But again, saying her allegation is credible does not mean I am passing judgment on Kavanaugh. That's not my job, and I'd get fired or severely reprimanded if I did try to do such a thing.

And Roy Moore wasn't enough?

That .. also didn't help Republicans' perception problem 

Can THE TRUTH have a day in Washington, DC? Please?

I think we'd all like that.

The problem with the truth is when it comes to sexual harassment and assault, the absolute unquestionable truth is extremely difficult -- it not possible -- to get at. I, nor any other woman I know, do not plan to walk around with a video camera strapped to me. 

It corresponds exactly to what "Law & Order: SVU" has been trying to explain to the viewing public for the past 19 seasons, to educate people about what are credible reactions to sexual assault.

Maybe that should be required viewing for all Americans before Monday's hearing

If ONE person testifies he was at the party, would that prove Kavanaugh lied and is thus unfit for a lifetime appointment on the Supreme Court? What if it is two people?

He's certainly penned himself in with that denial, assuming he makes it under oath when he testifies. But as some have pointed out: Ford never said the date nor place of the party -- she says she can't remember. So how could Kavanaugh know?

In your piece about the timing of the leaks, you concluded with: "The broader point is that, somehow, Ford’s anonymity got blown, and it’s pretty clear that it was never her choice. That renders moot any attempt to argue that the accusation or the accuser herself is politically motivated." Because Professor Ford's letter was sent to her Democratic congresswoman who then shared it with Senator Feinstein (another Democrat), isn't it safe to say that someone on one of the Democratic staffs leaked it? Wasn't that a politically motivated thing to do?

Who leaked Ford's name to journalists? This is a good question. On the Senate floor today, Senate Republican leader Mitch McConnell straight up accused Democrats of doing it. And he and you have a point that one Senate Democrat, Dianne Feinstein, had possession of the letter, and reporting since has born out that other Democrats on the committee were frustrated she wasn't sharing it.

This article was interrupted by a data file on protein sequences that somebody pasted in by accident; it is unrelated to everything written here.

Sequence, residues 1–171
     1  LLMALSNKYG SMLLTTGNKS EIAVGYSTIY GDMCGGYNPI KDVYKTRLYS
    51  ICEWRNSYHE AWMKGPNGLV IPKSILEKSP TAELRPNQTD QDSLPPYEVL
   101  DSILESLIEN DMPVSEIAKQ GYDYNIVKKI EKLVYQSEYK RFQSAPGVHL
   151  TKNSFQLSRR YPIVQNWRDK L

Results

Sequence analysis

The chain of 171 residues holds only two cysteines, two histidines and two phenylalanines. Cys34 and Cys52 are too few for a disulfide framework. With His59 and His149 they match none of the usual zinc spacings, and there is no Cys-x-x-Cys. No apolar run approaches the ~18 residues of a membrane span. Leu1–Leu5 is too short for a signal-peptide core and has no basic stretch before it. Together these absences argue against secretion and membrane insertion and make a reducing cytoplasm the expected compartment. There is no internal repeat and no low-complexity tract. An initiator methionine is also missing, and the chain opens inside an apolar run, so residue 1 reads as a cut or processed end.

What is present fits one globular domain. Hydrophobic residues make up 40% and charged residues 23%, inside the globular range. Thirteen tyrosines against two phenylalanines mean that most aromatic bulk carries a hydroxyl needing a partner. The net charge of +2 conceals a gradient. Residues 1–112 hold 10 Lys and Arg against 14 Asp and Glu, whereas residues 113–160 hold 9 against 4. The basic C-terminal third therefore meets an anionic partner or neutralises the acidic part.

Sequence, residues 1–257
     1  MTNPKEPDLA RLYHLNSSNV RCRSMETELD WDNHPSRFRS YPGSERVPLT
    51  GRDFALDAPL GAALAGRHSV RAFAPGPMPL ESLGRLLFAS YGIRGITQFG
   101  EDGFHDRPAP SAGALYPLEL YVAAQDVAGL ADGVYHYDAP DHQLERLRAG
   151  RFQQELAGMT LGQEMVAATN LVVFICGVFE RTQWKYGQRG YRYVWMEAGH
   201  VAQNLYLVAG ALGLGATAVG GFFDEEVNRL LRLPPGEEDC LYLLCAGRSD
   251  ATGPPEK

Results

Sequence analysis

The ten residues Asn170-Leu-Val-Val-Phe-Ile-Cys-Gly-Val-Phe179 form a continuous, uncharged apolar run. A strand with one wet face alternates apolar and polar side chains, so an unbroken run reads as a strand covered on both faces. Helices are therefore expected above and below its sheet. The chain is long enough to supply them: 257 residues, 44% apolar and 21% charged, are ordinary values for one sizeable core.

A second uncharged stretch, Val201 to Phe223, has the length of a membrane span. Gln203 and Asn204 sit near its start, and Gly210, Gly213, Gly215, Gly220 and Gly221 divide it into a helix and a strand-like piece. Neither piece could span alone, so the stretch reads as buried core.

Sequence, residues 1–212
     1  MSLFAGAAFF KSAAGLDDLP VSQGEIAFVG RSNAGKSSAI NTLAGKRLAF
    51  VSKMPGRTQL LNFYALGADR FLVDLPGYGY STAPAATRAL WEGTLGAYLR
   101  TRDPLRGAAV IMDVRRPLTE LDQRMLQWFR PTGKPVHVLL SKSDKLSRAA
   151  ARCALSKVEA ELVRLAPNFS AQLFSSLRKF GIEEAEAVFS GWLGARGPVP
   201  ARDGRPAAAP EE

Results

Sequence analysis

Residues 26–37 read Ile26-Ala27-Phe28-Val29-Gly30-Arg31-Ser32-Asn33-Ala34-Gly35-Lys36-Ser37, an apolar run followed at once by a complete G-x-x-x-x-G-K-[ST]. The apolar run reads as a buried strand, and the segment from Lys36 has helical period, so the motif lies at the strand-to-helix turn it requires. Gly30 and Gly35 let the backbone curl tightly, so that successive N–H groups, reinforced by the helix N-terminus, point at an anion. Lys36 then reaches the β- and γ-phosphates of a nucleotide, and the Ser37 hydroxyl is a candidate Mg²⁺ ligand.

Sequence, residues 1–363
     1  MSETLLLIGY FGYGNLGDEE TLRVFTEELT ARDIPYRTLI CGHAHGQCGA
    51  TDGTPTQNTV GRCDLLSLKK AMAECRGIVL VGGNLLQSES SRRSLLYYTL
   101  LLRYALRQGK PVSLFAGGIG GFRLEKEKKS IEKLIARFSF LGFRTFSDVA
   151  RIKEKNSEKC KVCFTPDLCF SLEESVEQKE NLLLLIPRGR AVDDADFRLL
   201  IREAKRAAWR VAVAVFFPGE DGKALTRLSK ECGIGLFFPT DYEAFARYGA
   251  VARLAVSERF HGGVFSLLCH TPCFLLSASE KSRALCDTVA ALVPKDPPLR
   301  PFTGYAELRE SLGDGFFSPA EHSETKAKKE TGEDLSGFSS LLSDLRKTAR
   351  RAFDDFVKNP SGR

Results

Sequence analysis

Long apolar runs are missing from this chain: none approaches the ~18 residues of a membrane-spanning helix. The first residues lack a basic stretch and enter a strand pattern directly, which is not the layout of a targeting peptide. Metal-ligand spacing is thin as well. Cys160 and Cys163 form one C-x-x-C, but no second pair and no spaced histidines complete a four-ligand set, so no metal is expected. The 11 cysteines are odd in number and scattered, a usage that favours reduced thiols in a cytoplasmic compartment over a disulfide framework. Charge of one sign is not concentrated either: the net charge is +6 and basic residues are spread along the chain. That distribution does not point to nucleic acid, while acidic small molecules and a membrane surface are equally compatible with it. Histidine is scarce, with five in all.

But after Feinstein passed it onto the FBI last week with Ford's name unredacted, it was also included in the background check file for all senators on the Senate Judiciary Committee -- though with Ford's name redacted there. Long story short: I don't know who leaked it, and yes leaking her name was extremely politically motivated. 

To that point, Ford's attorney, Debra Katz, seemed to accuse Democrats of wanting to get Ford's name out there. Here's what she told ABC on Monday: "She made the decision not to go public, and those who were not satisfied with that decision essentially created pressure for her to come forward by alerting members of the media and others."

This is clearly wild speculation but who leaked to The Intercept about the existence of the letter? It seems like it was someone upset with how Feinstein handled the letter so that would mean either another Senator or someone on her staff?

I don't know who leaked the existence of the letter to The Intercept, which is the report that seems to have precipitated the chase to find Ford, which precipitated Ford sharing her story with The Post. But I will share with you what Post columnist and well-sourced congressional expert Paul Kane reported today about that: